Our solo ager clients often ask “who should draft my will? Should I do it myself or hire a lawyer?”
Default: hire a reputable estate planning lawyer
The benefit is that you will have peace of mind that your will is done correctly, as opposed to using a computer program. Software is pretty good, but a human (in this case, an experienced attorney) will spot problems that a DIY will can miss.
A drawback is that hiring an experienced attorney can be costly, especially compared to using computer software.
Make sure to find any attorney who specializes in estate planning, not the guy who does DUIs and wills only on the side. (No offense to either subset of the profession, but these are just completely different skillsets).
DIY will tips
Will preparation software is a fine option these days, because it is much more developed than it was even five or ten years ago. Watch our previous episode where we reviewed some DIY options.
You may want to use a software program if you think you’ll make revisions quite often. Each revision with an attorney can be expensive. Simply changing a name can cost more than you’d think. Even if you just want to swap out “Joe” for “Bob” in your will, the attorney still has a duty to look over your entire estate plan and each document to make sure they are accurate and confirm that your situation hasn’t changed.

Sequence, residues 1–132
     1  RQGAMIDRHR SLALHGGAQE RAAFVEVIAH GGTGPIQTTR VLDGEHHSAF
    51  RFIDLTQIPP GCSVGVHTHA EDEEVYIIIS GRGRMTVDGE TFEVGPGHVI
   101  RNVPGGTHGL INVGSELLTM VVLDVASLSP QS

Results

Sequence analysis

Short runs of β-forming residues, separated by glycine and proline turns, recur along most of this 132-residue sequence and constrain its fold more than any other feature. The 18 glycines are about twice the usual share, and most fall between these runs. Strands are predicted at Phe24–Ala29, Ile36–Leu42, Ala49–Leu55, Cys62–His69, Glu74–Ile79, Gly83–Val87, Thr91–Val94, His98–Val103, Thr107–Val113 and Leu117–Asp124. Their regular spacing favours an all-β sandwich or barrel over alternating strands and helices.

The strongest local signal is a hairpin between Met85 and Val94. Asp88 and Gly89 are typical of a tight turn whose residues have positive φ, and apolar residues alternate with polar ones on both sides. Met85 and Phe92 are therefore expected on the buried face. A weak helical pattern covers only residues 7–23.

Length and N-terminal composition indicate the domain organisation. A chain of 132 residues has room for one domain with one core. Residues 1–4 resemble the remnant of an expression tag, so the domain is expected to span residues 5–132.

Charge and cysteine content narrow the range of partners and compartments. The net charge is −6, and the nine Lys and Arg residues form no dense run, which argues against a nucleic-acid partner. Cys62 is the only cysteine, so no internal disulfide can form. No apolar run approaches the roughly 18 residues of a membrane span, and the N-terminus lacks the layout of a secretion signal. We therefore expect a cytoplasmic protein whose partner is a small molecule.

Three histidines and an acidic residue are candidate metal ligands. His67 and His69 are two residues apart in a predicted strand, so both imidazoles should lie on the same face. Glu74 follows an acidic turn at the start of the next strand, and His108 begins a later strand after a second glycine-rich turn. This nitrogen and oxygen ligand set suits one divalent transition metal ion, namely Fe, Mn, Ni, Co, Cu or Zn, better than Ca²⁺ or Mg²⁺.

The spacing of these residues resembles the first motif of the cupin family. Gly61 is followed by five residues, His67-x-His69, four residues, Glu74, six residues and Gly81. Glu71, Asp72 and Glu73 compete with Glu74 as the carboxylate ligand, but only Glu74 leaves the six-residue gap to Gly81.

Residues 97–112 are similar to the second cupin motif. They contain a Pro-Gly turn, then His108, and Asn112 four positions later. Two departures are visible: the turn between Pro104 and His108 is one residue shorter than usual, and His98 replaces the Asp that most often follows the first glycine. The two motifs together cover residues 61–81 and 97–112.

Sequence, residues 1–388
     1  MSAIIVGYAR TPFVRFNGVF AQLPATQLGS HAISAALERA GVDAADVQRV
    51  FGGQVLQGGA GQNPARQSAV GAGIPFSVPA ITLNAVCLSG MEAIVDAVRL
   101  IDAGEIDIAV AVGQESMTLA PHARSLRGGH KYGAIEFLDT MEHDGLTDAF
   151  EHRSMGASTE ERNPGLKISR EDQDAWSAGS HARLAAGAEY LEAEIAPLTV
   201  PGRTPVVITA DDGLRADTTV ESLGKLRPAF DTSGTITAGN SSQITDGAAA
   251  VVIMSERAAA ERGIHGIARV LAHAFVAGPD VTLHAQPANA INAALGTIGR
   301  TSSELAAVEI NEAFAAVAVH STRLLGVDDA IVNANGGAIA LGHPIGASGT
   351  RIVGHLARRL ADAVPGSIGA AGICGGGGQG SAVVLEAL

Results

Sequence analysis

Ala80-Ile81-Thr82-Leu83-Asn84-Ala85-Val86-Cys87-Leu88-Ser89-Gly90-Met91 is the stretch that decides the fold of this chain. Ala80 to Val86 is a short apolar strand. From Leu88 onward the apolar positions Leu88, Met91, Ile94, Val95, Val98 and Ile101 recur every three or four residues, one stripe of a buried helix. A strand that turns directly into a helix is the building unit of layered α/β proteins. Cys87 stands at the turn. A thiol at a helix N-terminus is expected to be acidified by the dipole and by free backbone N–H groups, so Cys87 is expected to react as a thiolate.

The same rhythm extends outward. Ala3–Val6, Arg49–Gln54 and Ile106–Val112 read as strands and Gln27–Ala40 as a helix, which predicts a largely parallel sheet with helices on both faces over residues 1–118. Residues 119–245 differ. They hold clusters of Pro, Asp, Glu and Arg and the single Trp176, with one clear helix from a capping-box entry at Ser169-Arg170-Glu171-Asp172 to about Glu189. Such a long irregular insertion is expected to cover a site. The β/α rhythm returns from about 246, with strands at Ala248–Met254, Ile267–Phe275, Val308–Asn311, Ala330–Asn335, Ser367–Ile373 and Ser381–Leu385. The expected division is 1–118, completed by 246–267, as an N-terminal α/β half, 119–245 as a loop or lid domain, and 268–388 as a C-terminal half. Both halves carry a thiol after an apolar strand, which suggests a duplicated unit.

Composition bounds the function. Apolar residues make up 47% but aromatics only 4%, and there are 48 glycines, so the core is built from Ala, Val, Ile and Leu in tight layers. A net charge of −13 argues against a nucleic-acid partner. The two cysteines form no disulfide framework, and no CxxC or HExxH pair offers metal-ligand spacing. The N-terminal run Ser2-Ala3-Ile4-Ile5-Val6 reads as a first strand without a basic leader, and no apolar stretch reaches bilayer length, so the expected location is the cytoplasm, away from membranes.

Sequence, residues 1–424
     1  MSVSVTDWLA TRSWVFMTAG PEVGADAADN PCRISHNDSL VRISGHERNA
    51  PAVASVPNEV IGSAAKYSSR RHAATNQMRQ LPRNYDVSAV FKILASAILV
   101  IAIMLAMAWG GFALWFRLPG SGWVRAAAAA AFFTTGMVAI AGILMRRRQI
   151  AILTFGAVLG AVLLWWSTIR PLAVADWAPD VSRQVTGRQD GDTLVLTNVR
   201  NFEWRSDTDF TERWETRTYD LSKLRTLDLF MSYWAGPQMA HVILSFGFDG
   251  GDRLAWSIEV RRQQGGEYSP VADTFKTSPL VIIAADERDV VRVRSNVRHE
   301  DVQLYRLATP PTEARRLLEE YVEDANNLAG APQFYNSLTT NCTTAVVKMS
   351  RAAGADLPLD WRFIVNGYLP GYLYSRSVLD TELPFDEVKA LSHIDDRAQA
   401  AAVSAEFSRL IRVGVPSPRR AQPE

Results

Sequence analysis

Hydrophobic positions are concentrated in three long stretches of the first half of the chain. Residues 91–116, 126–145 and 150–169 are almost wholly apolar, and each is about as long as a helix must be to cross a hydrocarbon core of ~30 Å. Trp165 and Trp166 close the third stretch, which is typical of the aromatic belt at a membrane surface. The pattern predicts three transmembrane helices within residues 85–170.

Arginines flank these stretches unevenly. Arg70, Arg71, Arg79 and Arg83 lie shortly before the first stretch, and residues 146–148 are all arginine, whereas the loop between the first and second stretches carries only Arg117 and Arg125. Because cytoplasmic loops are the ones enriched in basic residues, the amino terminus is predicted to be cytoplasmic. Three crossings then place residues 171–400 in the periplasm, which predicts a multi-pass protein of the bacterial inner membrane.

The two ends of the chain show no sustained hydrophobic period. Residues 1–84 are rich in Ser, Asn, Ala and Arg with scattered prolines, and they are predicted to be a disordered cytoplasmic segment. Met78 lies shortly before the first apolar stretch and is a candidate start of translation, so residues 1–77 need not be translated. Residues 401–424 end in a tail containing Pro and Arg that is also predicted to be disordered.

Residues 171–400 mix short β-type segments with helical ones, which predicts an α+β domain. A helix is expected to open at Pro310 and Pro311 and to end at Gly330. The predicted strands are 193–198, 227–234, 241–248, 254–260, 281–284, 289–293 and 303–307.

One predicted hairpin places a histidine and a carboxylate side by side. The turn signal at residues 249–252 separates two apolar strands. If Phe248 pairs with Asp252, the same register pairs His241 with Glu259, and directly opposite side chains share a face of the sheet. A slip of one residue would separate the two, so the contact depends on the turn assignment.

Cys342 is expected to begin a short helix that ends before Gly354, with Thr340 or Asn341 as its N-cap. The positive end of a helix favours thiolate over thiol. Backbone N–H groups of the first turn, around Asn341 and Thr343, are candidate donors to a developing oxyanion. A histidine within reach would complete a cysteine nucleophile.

If you decide to draft the will yourself, please consider hiring a lawyer to at least supervise signing ceremony. This will ensure that the will is signed correctly, including the affidavits and the witnesses. You’d be surprised at the problems that can arise if the will isn’t signed properly.
You can usually find a local experienced estate planning attorney who can supervise the signing for a fraction of the estate planning cost. In this case, the attorney will not review your will for errors, but will simply supervise the signing process. Keep in mind that even if you’ve drafted a perfect will yourself, it is all for nothing if you fail the technicalities of the signing ceremony. It sounds like signing should be something simple, but we’ve even seen inexperienced attorneys mess it up.
Can my professional executor draft my will?
Sure, a professional executor can draft your will. I used to do a lot of estate plans, but now I’m 100% focused on being best executor possible for you. Being a professional executor is time consuming, and it doesn’t leave a lot of room to be good at extra jobs on the side.
Personally, I don’t have the software, fancy paper, or setup any more to draft wills. I would be doing it from scratch, and that’s not an ideal situation. However, I am happy to do a non-legal advice review of your draft plan to check for any glaring red flags. It’s a good idea to have a review to point out obvious mistakes that could blow up your whole estate plan.
If you want learn how probate works for Solo Agers, check out the link to my free book, “The Solo Ager Estate Plan.”
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